State and Federal DOT Officers are responsible for commercial vehicle enforcement. "The truck police" you could call them.

PackRat's Comment
member avatar

21 January 2020

After leaving my new favorite KW dealership, I drove about 1/4 mile to a small gas station, calling itself a truck stop. This one has parking for about a dozen trucks. I went inside to check if I was allowed to park there for the night, since I noticed several trucks were locals. I ended up only paying $10 to stay overnight. Major score! Remember, as I'm parked there, I'm also impatiently waiting for the next dispatch.....well after dark......after I had sent in a message asking for a dispatch two hours earlier.

Miraculously, at around 2330 I got one on the computer. South 100 miles to Canton, NC to get a load of paper (#trendinglately), and to be there for loading at 1300. Off to sleep I go around 0115. Zzzzzz.

I got up this morning at 0800 to read all the dispatch notes. One in particular was to the effect of, "shipper requires spotless, food-grade trailers, weather tight, no stains, no odors...." So I'm out to really check out the trailer to ensure it will pass inspection. Unfortunately, this is when I discover the large hole in the front, left corner skin, all the way through, and I can see daylight from the inside. Not a good way to start my Tuesday morning. So I called it in to maintenance and my dispatch, after I did some research and remembered a TA truck stop with a shop on the way. So after a pre trip inspection on everything, off we go headed south.

Here's a picture of what will be referred to as "Big Hole In Trailer Before Repair".

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I should have caught it the day before, but since I had to relay my loaded trailer to the other driver, it wasn't like I could reject it. Additionally, after the relay is when I was heading to the dealer to get the ABS fixed. It wasn't getting repaired until sometime on Tuesday anyway.

Continued....

Shipper:

The customer who is shipping the freight. This is where the driver will pick up a load and then deliver it to the receiver or consignee.

Papa Pig's Comment
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Dang packrat. You have caught all the good luck lately. Need to throw some salt over your shoulder or something lol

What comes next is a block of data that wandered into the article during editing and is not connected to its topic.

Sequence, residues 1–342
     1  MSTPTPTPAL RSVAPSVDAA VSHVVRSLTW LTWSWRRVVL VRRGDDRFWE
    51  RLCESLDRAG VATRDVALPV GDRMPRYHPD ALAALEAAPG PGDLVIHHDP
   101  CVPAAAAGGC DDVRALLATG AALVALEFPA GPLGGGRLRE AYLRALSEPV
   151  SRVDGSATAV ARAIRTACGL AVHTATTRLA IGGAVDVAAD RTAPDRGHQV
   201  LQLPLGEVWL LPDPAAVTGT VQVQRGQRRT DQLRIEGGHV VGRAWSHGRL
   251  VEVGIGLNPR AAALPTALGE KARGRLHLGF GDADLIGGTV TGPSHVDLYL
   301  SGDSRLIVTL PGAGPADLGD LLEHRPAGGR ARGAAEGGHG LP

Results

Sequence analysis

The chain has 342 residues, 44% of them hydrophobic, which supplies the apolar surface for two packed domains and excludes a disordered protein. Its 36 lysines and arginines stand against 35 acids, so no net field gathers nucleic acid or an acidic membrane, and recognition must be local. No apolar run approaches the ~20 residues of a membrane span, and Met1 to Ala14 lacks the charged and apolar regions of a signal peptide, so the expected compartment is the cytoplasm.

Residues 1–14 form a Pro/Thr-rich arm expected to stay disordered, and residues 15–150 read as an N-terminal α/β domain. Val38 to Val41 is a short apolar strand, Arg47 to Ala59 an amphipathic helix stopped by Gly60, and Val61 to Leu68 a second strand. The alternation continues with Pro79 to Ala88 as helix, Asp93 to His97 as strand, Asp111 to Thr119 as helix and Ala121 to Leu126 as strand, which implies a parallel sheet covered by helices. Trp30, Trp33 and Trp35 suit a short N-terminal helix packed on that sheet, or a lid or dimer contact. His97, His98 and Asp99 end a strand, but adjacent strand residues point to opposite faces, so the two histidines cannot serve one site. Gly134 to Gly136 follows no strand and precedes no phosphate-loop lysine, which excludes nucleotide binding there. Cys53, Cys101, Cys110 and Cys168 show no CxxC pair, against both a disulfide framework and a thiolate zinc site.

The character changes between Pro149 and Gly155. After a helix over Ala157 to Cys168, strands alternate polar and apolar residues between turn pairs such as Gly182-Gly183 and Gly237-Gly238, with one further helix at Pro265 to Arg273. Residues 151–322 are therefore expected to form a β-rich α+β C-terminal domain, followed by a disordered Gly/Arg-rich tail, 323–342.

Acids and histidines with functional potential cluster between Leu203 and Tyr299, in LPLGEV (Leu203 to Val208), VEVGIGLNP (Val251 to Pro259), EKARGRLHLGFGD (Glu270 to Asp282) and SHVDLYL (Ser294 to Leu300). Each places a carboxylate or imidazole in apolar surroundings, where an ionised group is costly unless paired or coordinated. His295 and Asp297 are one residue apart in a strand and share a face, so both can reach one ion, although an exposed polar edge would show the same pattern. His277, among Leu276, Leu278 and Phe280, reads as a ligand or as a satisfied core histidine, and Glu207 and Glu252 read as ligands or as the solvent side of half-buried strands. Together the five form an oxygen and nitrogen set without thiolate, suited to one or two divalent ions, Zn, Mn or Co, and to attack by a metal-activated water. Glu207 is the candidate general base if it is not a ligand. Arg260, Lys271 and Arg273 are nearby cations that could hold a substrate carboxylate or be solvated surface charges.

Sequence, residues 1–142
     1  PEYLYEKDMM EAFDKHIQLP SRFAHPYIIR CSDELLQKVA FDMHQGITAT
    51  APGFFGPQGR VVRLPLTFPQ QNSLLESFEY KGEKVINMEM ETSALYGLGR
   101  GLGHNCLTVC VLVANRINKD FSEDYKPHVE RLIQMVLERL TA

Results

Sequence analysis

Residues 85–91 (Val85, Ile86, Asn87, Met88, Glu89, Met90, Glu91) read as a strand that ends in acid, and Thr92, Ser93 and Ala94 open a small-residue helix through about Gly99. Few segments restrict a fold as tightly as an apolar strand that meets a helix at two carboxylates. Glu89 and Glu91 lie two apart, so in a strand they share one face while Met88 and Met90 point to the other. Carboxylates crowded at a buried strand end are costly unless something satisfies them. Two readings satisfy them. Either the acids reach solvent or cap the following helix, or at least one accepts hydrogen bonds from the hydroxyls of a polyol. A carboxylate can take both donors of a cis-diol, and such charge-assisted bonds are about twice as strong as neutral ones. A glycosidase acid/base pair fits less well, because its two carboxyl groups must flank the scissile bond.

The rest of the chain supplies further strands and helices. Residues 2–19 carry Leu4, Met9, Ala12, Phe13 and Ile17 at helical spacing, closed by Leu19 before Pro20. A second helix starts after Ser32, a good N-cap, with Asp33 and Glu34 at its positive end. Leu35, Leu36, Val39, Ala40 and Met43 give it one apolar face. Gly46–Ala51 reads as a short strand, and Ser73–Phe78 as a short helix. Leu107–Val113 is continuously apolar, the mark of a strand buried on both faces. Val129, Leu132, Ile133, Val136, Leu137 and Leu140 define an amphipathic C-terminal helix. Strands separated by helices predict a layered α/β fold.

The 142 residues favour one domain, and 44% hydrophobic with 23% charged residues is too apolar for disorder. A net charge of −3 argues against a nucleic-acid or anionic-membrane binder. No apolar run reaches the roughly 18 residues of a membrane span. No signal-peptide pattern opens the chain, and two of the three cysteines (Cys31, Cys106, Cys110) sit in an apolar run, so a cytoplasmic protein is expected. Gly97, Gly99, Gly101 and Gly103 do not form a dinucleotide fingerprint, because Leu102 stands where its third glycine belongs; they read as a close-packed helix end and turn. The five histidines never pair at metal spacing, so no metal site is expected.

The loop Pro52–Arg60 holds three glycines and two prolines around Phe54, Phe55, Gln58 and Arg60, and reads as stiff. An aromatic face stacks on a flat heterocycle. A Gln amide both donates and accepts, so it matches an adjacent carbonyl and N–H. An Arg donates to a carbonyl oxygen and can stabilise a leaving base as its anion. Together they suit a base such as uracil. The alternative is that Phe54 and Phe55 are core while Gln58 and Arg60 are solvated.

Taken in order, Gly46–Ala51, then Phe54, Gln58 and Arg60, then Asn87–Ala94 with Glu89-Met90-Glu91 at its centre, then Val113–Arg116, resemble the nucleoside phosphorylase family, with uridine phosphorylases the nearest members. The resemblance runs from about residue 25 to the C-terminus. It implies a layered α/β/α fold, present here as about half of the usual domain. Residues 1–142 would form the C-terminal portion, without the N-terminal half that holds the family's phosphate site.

PackRat's Comment
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21 January 2020 Part 2

I arrive at the TA, then head to the shop to see if they can repair it. "Since it's on the corner area, we can do a sturdy, temporary repair, but nothing permanent", is what I'm told. Perfect for me, that's what I need! Not a rebuild, but no light or rain coming in. "It probably will be at least 2 1/2 hours before we can start", she tells me. Okay, I'll wait. Sucks, because I have everything on my truck to do the job, minus a 12 foot ladder, but I'm at their mercy for awhile. I message my dispatcher about another delay, and I'll keep her updated. At around 1220, I'm called to the shop. Dispatch changes my appointment time at the shipper (7 miles away) to 1500 and the repair tech finally starts at 1310. 45 minutes later, we roll out of that bumpy parking lot, heading to the shipper.

Here's the temporary patch job. No daylight or water should be getting in.

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I arrive at the shipper at 1415, check in at the gate, park it, then off to the shipping office to check in there. "Your appointment has been changed to 1800". Okay, guess I'll wait some more today....just like yesterday....and maybe tomorrow. "Thank you, sir! May I have another?" comes to mind frequently on days like these. All I can do is laugh (and wait some more).

Eventually, at 1840, I get called to dock in the most difficult dock they have. All my waiting pays off, because I get in with only two pull ups. Wheel chocks both sides, landing gear down, disconnect, pull up five feet, glad hand lock, turn in your ignition key, and stay in our waiting area. It's One Of Those Places! But, they got me loaded with 42,500 lbs of paper goods (#trendinglately) in under two hours, and I'm staying here until after my 10 hour break is complete (since security leaves at 5 o'clock sharp).

Here's the dock area, way downhill of the parking area, sharp 90 degree turn, and I was in the dock closest in the photos. Don't worry, I drive out the same way, only heavier and in first gear! Crazy layout.

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This load is heading 600 miles to Effingham, IL, for a 0800 live unload on Thursday. Should be an easy trip.

Today I drove 102 miles in 2.0 hours, using only 0.4 hours On Duty, for a total of 2.4 hours. I may end up needing a 34 reset next week to balance my hours that I'll be getting back on recaps.

More to read about tomorrow....

Shipper:

The customer who is shipping the freight. This is where the driver will pick up a load and then deliver it to the receiver or consignee.

Dispatcher:

Dispatcher, Fleet Manager, Driver Manager

The primary person a driver communicates with at his/her company. A dispatcher can play many roles, depending on the company's structure. Dispatchers may assign freight, file requests for home time, relay messages between the driver and management, inform customer service of any delays, change appointment times, and report information to the load planners.

HOS:

Hours Of Service

HOS refers to the logbook hours of service regulations.